The next year, three records featured under the “women’s records” heading on the official list. Maryse Bastié improved her previous record, bringing it up to 37 hours and 55 minutes, September 2-4 1930. Mademoiselle Lena Bernstein set a new straight-line distance record of 2,268 kilometres (August 19-20 1929) and American Ruth B. Alexander set an altitude record of 6,583 metres on July 11 1930. On August 8 1934, Hélène Boucher shattered the record in all categories by flying 1,000 kilometres in 2 hours, 26 minutes and 38 seconds, at an average speed of 409.184 km/h, beating Maurice Arnoux’s 404.4 km/h. For the first time, a woman had done better than a man. Hélène Boucher was to die while indulging in her passion for aviation in November the same year. In 1937, Englishwoman Jean Batten was the first woman to receive the FAI Gold Medal. Her claim to fame at that time was to have been the first woman to cross the South Atlantic (in 1935) and to fly from England to Australia in 5 days, 21 hours and 3 minutes, followed by the leg to New Zealand in nine and a half hours (again, in 1935). She was to break her own records over the same route in 1937. “This young woman, gifted with the finest of qualities, has made a great contribution, both through her daring and her patience, to the progress of aviation in the world.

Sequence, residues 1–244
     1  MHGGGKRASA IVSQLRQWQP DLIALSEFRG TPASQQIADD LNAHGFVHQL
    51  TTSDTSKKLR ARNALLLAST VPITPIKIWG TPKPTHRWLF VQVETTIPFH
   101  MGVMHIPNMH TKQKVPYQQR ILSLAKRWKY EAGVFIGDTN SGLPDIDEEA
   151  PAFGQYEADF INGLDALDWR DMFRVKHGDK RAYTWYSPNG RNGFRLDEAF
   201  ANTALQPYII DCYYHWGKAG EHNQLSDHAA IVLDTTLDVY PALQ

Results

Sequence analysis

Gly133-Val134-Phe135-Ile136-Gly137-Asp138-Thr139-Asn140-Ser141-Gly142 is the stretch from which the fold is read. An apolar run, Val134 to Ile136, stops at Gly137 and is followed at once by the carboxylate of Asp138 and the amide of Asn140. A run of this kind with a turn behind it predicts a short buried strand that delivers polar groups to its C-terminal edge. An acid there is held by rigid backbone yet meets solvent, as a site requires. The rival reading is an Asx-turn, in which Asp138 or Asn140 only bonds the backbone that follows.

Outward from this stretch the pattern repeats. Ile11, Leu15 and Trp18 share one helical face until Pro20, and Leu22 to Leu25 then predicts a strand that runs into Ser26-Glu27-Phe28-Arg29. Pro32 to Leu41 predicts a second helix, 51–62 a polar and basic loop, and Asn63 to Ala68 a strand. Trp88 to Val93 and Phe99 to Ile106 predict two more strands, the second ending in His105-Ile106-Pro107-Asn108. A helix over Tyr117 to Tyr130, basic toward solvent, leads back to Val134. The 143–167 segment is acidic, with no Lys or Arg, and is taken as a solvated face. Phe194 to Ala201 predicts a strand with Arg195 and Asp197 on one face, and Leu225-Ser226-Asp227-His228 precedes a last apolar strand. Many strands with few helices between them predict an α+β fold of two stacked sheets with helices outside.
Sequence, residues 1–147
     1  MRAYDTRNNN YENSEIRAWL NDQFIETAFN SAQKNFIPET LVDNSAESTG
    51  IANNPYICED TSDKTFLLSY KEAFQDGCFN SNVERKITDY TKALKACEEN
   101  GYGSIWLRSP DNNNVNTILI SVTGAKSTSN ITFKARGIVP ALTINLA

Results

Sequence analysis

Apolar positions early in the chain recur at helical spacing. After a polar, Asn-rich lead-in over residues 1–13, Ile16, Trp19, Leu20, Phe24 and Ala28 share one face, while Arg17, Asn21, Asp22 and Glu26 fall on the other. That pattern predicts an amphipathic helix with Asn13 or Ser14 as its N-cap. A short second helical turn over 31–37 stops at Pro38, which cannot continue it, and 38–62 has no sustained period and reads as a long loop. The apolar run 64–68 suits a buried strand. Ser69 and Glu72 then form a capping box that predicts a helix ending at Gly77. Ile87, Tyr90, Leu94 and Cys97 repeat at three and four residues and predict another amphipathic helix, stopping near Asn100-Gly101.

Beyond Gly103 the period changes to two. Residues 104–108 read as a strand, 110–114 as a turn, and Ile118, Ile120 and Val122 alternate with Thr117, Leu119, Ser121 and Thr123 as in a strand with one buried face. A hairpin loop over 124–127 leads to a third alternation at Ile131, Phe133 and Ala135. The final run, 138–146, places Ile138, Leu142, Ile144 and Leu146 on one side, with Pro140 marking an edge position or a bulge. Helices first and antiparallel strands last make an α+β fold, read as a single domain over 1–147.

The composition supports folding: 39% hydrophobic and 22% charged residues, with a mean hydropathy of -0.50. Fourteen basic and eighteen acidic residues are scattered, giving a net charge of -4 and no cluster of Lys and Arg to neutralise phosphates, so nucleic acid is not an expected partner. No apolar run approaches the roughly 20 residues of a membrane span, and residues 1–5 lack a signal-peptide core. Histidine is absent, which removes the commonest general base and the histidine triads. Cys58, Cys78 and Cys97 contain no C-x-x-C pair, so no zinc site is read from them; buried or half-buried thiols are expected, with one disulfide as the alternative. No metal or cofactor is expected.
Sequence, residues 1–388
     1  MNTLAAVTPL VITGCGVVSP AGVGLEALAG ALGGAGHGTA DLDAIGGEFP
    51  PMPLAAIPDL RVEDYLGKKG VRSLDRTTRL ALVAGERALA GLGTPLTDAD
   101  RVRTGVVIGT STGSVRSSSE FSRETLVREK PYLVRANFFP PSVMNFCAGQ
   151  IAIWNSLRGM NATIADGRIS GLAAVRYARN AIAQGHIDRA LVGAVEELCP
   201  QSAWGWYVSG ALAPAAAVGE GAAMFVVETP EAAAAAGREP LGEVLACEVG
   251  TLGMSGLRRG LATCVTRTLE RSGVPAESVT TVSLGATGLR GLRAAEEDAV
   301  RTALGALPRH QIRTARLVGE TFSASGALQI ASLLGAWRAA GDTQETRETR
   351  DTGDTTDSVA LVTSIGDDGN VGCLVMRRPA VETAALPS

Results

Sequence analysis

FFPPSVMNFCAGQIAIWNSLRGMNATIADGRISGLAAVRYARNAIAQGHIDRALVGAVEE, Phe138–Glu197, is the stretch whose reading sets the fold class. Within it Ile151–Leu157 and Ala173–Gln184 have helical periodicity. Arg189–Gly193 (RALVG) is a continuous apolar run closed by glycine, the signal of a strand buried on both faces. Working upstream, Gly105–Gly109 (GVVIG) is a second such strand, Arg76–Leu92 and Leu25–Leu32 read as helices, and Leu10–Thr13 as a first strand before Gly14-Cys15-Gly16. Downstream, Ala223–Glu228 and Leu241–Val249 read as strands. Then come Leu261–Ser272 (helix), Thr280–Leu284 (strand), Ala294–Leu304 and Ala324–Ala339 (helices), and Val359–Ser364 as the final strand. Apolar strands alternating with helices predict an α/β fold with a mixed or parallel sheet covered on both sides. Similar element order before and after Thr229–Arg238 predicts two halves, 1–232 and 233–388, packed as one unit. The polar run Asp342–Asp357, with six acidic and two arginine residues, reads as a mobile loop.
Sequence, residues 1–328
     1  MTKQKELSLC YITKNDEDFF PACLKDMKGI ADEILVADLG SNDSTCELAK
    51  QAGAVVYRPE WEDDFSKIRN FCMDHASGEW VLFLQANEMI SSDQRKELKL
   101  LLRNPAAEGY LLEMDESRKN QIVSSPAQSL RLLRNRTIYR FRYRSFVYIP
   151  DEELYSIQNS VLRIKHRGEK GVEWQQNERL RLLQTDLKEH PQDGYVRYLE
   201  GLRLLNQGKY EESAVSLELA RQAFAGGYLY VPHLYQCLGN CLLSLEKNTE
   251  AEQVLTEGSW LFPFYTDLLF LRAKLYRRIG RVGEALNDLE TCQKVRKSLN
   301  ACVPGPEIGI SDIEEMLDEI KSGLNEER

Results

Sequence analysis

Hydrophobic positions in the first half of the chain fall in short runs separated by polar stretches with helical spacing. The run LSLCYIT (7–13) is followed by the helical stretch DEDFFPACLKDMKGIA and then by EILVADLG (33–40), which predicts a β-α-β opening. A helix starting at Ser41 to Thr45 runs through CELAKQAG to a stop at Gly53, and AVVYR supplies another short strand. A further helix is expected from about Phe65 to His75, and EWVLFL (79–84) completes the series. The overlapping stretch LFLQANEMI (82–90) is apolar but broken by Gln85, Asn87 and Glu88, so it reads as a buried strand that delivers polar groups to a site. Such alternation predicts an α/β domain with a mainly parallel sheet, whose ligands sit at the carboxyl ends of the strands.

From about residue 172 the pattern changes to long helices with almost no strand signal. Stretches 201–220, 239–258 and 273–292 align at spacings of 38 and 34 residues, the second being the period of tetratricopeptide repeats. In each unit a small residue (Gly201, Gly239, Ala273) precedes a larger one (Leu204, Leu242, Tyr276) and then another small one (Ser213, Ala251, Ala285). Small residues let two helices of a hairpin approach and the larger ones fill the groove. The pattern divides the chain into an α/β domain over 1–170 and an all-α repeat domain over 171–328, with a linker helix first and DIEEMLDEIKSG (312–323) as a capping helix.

This year, she is worthy of receiving the Gold Medal, very few holders of which are still alive,” declared President Bibesco when awarding Jean Batten her honour. The women’s cause was moving onwards, although women’s achievements mostly remained very far below men’s. On the FAI list of officially approved records of October 1 1938 are no fewer than 31 women’s records, not counting distance records. They relate to class C motorised aircraft, class C(ii) seaplanes, class D gliders and class E helicopters (women’s ballooning records, which for a long time were to remain the reserve of the Russians, only appeared on the official list in 1939). In addition to the French, who had always been experts in “traditional” aviation, the Russians excelled with seaplanes. Also on this list – alongside the great Hélène Boucher, the holder since 1934 of two prestigious speed records for 100 and 1,000 km – was a woman who was soon to become an aviation legend, American Jacqueline Cochran. On September 21 1937 in Detroit, she broke the closed circuit speed record with 470.365 km/h, the beginning of a string of major achievements.